David is straightforward, no nonsense and serious about his studies. He recounts his personal life story with few pauses only marking the successes with a slight change in tone. He is ultimately humble and confident in his identity, neither looking for praise nor external motivation. He speaks of his studies with an eloquence designed solely for those who understand this unique field. His curiosity about agriculture and modern-day developments stems from his worldly travels and the beginning of his journey. It was, in fact, in Ethiopia where he discovered the world of agronomy and plant health and became increasingly interested in sciences and the new developments in that area. He speaks of his research in mushrooms and “Ein Hatavas” as though it were the most natural of all things to study. Following his travels, and a period of employment in the aggro-tech industry, David decided to return to academia to pursue and master’s degree in an effort to advance himself and his professional career by making a meaningful contribution to the world of agriculture. David was born in Israel, the youngest of five siblings, all of whom were born and raised in Ethiopia. He remarks that he notices what he terms “a cultural gap” between himself and his siblings. He is the first in his family to attend university. He grew up in the southern town of Kiryat Malachi and from a young age was involved in youth groups there. Although his parents did not have a formal education in Israel per say, they always encouraged him and his siblings in scholastic endeavours. Following his matriculation exams, he attended a pre-military academy. He was accepted into an elite unit in the IDF and served proudly in the Duvdevan unit. Throughout these years, David was incredibly invested in volunteer work and giving back to the community. This was demonstrated not only by his military achievements, but through his work with youth at risk from various backgrounds as well. He accompanied them through their service through in depth psychological and emotional processes in an effort to have them re-join society in constructive and meaningful ways. David is grateful for the support he is receiving from the fund as it allows him time to solely concentrate on his studies. We at Keren Aynor, are incredibly proud and supportive of David’s ambition and incredible contributions to such a unique and significant field of study and wish him all the best in his future pursuits. We are happy to be a small part of his journey. We know he will go far!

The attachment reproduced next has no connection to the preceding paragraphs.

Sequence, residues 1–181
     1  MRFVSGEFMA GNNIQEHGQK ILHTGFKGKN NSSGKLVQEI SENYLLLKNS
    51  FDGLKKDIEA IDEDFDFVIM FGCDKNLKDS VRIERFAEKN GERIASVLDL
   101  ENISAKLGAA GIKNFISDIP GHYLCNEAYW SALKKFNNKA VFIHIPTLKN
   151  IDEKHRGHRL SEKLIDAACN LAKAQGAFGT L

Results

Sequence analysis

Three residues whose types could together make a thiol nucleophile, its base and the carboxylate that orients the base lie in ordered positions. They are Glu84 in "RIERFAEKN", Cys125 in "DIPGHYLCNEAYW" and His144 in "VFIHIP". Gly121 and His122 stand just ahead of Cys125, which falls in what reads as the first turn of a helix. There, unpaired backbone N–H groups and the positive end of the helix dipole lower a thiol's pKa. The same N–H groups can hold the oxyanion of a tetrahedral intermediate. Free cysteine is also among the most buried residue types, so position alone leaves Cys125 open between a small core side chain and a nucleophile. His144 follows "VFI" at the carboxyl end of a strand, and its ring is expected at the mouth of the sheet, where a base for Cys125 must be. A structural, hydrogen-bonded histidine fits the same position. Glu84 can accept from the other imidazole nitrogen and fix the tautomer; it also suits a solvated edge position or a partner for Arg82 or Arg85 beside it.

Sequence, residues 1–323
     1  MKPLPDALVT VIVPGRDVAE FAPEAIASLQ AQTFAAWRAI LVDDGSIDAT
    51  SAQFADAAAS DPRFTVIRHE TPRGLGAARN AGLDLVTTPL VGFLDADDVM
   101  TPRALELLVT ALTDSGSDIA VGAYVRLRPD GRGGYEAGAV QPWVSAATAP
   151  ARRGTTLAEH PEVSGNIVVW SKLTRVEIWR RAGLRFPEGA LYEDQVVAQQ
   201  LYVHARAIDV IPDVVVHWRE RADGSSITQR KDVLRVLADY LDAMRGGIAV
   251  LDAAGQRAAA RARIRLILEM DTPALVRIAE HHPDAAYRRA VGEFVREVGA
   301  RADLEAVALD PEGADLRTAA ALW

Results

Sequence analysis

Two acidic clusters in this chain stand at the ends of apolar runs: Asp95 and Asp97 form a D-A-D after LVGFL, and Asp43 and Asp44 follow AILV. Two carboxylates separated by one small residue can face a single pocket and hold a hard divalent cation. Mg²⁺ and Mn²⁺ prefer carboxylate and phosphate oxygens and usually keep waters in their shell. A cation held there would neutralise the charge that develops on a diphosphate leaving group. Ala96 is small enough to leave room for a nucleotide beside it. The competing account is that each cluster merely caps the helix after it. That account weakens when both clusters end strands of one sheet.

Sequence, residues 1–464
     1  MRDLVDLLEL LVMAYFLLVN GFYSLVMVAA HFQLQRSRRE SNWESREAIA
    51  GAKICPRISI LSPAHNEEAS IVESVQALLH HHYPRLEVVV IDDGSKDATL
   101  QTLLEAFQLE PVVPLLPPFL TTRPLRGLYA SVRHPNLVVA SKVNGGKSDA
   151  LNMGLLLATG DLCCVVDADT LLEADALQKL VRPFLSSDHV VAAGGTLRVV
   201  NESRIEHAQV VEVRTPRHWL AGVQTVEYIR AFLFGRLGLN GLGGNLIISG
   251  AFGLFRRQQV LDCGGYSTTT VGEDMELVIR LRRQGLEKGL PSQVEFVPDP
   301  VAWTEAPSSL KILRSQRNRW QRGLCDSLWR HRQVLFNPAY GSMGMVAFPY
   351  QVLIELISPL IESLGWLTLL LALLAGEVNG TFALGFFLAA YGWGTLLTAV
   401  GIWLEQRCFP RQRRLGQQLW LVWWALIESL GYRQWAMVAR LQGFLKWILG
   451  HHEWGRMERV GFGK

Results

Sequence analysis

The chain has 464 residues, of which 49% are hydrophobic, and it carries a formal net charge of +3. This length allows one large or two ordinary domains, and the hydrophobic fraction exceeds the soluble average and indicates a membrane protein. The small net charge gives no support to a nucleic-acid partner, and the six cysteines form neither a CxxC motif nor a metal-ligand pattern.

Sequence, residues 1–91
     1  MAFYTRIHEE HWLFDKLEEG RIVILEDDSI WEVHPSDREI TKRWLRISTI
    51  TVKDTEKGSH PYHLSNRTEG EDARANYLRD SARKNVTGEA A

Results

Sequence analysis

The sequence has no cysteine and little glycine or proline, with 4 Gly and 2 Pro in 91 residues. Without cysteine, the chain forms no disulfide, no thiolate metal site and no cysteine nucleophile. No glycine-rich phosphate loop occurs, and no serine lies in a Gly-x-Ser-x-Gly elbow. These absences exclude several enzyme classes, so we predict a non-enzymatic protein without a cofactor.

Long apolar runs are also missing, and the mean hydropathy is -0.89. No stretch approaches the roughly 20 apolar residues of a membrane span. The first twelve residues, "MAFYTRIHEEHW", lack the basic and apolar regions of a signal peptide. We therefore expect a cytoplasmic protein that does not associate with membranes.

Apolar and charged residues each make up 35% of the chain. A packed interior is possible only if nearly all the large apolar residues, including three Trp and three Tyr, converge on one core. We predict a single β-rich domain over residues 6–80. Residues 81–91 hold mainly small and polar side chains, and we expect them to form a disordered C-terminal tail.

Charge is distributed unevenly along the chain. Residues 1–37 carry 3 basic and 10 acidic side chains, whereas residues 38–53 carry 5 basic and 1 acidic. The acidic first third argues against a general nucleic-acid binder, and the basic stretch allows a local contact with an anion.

Newsletter 41 – Passover 2023